Patricia Schipp


Two of Chief Patricia Schipp’s favorite things are the United States Navy and working with young people. Considering those two things, becoming a Naval Science Instructor for the Naval Junior Reserve Officer Training Corps Program was a no-brainer.

Chief Schipp said, “Being an NJROTC Iinstructor allows me to remain connected to my beloved Navy, allows me to be “The Chief” on a daily basis, and allows me to make a difference — hopefully — in the lives of my cadets. All that and I get paid too. What more could a gal ask for?”

Chief Schipp is a Midwestern country girl who grew up in Minnesota. It is from there that she enlisted in the United States Navy at just 17. After 22 years of traveling the globe in service to her country, she retired from the Navy in 2001. The Chief considers herself extremely fortunate to have landed a job as a Naval Science Instructor at North Chicago Community High School in North Chicago, Ill., less than a month after her retirement from the Navy.

“I knew that I wanted to be a Naval Science Instructor,” she explained, “but I had no idea just how perfect the fit would be for me.” As she got acclimated to her new environment, Chief Schipp found she loved the structure and discipline of the program and the opportunity to work side by side with cadets out in the community. She also quickly developed a passion for military drill and started coaching the NJROTC competitive drill teams, which she has been doing ever since.

Chief Schipp spent nine years with that NJROTC program before moving to the Southwest in 2010. When she arrived, there were no openings for an NJROTC instructor in any of the Albuquerque, Santa Fe or Los Alamos programs, so she spent a year in Albuquerque working with a youth mentoring program at Goodwill before landing the job as the third Naval Science Instructor for NJROTC at Santa Fe High.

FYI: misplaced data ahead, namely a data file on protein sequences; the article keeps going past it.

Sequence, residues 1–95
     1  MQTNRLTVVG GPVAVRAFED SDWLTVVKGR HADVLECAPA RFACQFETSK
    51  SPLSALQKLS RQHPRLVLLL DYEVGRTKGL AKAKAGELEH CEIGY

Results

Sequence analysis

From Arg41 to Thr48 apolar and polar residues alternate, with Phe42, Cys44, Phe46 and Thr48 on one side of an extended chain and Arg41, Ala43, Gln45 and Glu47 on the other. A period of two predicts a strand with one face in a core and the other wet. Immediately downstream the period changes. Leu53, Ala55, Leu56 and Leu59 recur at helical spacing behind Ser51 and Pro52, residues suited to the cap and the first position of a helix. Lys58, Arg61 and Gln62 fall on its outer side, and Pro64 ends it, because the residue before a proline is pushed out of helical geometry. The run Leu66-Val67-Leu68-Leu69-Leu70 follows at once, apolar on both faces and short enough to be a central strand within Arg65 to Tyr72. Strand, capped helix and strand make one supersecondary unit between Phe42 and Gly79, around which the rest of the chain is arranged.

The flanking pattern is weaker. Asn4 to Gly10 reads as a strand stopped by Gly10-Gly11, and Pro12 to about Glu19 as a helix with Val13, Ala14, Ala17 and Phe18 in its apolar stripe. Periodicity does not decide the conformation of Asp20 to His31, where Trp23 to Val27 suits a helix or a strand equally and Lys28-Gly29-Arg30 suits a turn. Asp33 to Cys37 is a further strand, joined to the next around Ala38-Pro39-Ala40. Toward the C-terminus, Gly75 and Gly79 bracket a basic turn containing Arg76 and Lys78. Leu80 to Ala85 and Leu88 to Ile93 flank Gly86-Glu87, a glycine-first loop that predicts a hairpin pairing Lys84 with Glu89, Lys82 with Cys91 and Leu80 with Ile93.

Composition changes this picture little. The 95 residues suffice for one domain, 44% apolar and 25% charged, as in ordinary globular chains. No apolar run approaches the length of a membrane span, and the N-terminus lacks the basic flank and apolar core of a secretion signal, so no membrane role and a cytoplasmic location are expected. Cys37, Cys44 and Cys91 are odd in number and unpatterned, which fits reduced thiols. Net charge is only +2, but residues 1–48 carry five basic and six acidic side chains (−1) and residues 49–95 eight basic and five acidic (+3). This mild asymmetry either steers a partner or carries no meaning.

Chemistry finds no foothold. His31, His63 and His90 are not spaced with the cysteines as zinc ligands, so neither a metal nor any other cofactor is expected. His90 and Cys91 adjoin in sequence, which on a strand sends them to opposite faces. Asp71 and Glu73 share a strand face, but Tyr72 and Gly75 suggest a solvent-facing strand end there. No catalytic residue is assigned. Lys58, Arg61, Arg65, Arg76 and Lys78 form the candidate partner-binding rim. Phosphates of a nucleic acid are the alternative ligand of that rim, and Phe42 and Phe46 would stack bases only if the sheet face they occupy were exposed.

“I love what I do,” she said. “There is nothing like the look and sound of a platoon of sharply dressed cadets marching in perfect step, or the satisfaction of watching the growth and upward progression of a cadet from freshman to senior year, or seeing the smiles on a cadet’s face as they realize the reward of giving back in the community.” Chief Schipp said she plans to continue instructing in NJROTC until she can no longer keep up with the cadets or until they drive her to “the brink of crazy.”

Chief Schipp has two grown children; Cory and Ashley, and three grandchildren, Isabelle, Layla and Remington. When not attending an NJROTC competition or working alongside her cadets out in the community, Chief Schipp loves to hike, camp, watch movies and attend country music concerts. (Yes, this princess prefers cowboy boots.)